Doxed, Stop! Doing This on Internet : Learn What Is DOXING | How Can You Avoid Getting DOXED



 Learn About Doxing And Types And Learn How To Avoid Getting Doxed


Doxing, short for "dropping dox," is an online attack in which hackers dig up personal information and documents — hence, the “dox” part of “dropping dox” — to expose the real identities of people hoping to remain anonymous.


The goal is often to shame or harass a victim. Hackers might expose the identity of an anonymous message board troll, for instance, as a way to embarrass that person. They might hope that person loses a job or is shunned by co-workers or friends.


What Information Are Doxers looking for?


In a doxing attack, hackers might publish someone's:

  •     Real name

  •     Telephone number

  •     Social Security number

  •     Home address

  •     Employer

  •     Credit card numbers

  •     Bank account numbers

  •     Personal photographs

  •     Social media profiles



Types Of Doxing:

 
Packet sniffing

This isn't the only way people can crack your online anonymity, though. Experienced hackers can also rely on technology to glean clues about your identity. They might turn to a strategy known as packet sniffing. In this method, a doxer intercepts your internet data, looking for everything from your passwords, credit card numbers, and bank account information to old email messages.

Doxers accomplish this by connecting to an online network, cracking its security measures, and then snagging the data flowing into and out of the network.


IP logging


Another scary trick? Doxers can use IP loggers, too. IP loggers attach a code, one that victims can't see, to an email message. Once victims open these emails, the code tracks their IP addresses and sends them back to the IP logger. This easily gives a doxer quick information about you.
 

Reverse cell phone lookup


What can hackers learn about you if they have your cell phone number? Plenty, thanks to services such as Whitepages. These reverse phone lookup services let you type in a cell phone number — or any telephone number — to find out the identity of the person who owns the number.

But it’s not just your name that people can discover from such a service. A search on the Whitepages site might also turn up your current and previous addresses. Hackers can also use a reverse phone look-up to search for your criminal and traffic records, financial records, and properties that you own or have owned.

Sites such as Whitepages charge fees to provide anything beyond the city and state associated with a cell phone number. Those willing to pay up, though, can glean plenty of personal information about you from your cell phone number. Be careful, then, with this number: Don’t leave it on social media sites or on forums or message boards.
 

Social media stalking


Many doxers scour social media accounts to find private information about their targets. Not only do people willingly share personal information on sites such as Twitter, Facebook, and Instagram — such as vacations, new jobs and moves — they also provide plenty of key facts about themselves when signing up for these sites, information that determined doxers may uncover. That’s why it’s so important to keep your personal information safe on social media.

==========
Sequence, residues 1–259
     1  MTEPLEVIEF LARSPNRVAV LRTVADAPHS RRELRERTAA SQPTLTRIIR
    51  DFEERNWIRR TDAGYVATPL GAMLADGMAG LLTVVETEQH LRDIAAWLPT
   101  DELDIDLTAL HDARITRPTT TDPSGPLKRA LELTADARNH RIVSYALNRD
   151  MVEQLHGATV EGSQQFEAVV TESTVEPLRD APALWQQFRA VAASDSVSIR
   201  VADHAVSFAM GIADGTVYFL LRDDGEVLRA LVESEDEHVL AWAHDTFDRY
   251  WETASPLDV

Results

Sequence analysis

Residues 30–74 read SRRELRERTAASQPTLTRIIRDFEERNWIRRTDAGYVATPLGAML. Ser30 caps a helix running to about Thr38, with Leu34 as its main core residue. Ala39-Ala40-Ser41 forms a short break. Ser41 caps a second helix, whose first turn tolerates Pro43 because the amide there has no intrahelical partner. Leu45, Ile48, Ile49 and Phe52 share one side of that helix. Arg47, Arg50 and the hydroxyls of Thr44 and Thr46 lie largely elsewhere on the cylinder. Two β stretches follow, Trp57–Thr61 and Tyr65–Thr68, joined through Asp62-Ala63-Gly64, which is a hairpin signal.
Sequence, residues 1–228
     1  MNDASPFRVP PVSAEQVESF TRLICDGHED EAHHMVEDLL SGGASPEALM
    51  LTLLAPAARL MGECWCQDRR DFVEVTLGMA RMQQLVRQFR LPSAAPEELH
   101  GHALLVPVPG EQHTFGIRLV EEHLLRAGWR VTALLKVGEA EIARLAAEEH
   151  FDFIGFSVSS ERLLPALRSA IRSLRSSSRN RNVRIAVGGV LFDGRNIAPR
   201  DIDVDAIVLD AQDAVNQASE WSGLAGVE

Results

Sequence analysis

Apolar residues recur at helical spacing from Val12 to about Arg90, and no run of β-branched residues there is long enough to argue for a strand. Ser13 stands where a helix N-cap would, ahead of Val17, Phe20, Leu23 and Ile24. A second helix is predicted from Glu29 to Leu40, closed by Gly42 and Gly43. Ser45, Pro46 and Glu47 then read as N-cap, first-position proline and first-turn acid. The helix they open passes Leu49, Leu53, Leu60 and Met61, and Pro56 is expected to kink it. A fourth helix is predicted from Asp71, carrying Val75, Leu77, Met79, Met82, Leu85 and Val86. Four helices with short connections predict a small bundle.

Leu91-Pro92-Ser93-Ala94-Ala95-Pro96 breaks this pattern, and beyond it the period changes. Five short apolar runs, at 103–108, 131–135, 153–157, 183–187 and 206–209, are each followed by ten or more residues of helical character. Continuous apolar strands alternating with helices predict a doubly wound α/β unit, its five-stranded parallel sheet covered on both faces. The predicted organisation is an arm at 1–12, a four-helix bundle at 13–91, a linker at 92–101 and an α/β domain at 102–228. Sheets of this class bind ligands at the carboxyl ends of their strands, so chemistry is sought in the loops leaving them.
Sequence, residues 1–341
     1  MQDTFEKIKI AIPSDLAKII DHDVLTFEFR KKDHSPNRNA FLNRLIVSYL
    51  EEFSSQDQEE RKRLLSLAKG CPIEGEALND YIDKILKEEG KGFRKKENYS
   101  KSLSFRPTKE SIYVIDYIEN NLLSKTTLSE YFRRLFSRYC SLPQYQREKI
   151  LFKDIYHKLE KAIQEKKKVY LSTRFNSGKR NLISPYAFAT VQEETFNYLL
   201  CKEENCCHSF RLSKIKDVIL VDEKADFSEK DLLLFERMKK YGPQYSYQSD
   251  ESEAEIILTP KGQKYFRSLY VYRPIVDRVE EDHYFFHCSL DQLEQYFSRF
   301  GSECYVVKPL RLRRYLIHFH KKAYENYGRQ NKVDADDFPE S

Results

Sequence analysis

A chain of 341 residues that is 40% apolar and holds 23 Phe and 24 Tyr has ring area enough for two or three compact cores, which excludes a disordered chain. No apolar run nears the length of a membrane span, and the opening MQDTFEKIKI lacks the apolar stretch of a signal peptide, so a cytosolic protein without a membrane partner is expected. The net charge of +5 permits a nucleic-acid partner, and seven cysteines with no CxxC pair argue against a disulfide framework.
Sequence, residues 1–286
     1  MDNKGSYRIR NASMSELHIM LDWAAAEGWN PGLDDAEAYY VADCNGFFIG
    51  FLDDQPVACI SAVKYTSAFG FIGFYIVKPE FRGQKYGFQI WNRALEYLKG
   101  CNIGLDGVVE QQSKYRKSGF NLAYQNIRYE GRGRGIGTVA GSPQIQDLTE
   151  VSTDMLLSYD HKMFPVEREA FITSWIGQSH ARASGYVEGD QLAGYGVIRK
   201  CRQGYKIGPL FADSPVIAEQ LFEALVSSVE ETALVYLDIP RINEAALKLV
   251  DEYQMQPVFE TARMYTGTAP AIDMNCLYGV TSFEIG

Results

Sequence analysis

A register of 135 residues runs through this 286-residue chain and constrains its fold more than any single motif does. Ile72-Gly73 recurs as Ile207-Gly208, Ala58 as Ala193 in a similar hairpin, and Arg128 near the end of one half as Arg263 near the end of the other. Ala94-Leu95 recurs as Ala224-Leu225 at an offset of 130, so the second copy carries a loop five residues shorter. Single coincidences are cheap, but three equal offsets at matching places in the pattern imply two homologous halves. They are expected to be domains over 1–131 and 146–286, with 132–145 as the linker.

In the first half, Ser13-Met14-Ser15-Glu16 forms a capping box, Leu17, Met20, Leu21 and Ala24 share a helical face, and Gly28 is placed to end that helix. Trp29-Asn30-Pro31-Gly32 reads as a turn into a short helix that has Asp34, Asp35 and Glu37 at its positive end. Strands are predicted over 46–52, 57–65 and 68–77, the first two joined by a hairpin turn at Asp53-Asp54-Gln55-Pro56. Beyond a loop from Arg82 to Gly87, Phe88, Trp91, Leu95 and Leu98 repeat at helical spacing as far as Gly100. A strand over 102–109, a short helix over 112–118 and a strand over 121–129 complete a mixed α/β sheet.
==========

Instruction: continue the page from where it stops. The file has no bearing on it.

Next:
Consider Facebook. When you sign up for the site, you have the option to provide everything from your date of birth to your high school and college. Be smart when signing up for social media sites: Don't fill in these fields. Leave them blank.

And when posting on social media accounts, don't be too specific about what you're doing or where you've been. Consider making your social media accounts private so that only specific people can view your posts.
 

How Can I Avoid Getting Doxed?


Don’t overshare

Don’t overshare on social media or online forums and message boards. Sharing personal information could easily give doxers too much to work with.


Change your privacy settings

Make your posts on social media sites private so that only select people can view them.


Don’t provide personal information

When signing up for social media platforms, don’t provide personal details, such as your date of birth, hometown, high school, or employer information.


Use a VPN

Signing up with a virtual private network, or VPN, can help shield your private information from doxers. When you connect to the internet by first logging into a VPN, your real IP address will be hidden. This means that hackers won’t be able to mine this address for your location or other identifying information.


Be alert for phishing emails

Doxers might use phishing scams to trick you into disclosing your home address, Social Security number or even passwords. Be wary whenever you receive a message that supposedly comes from a bank or credit card company and requests your personal information. Financial institutions will never ask for this information by email.


Certain information should never be shared

Make a vow to never post certain pieces of information online, such as your Social Security number, home address, driver’s license number, and any information regarding bank accounts or credit card numbers. Remember, hackers could intercept email messages, so you shouldn’t include private details in yours.

 

Conclusion:   

Whole Story is this, STOP SHARING TO MUCH ABOUT YOU.., Do not accept unknown friend request to say, "Hey LOOK, HOW POPULAR AM I", Stop doing this kind of idiotic or nonsense thing on Internet. Internet is lot more than you think and no one knows who's who on Internet. So be aware and careful while using internet.

Hope this post will helps you to understand the major concern about doxing and internet. If you like my post, share with your friends and do comment also.


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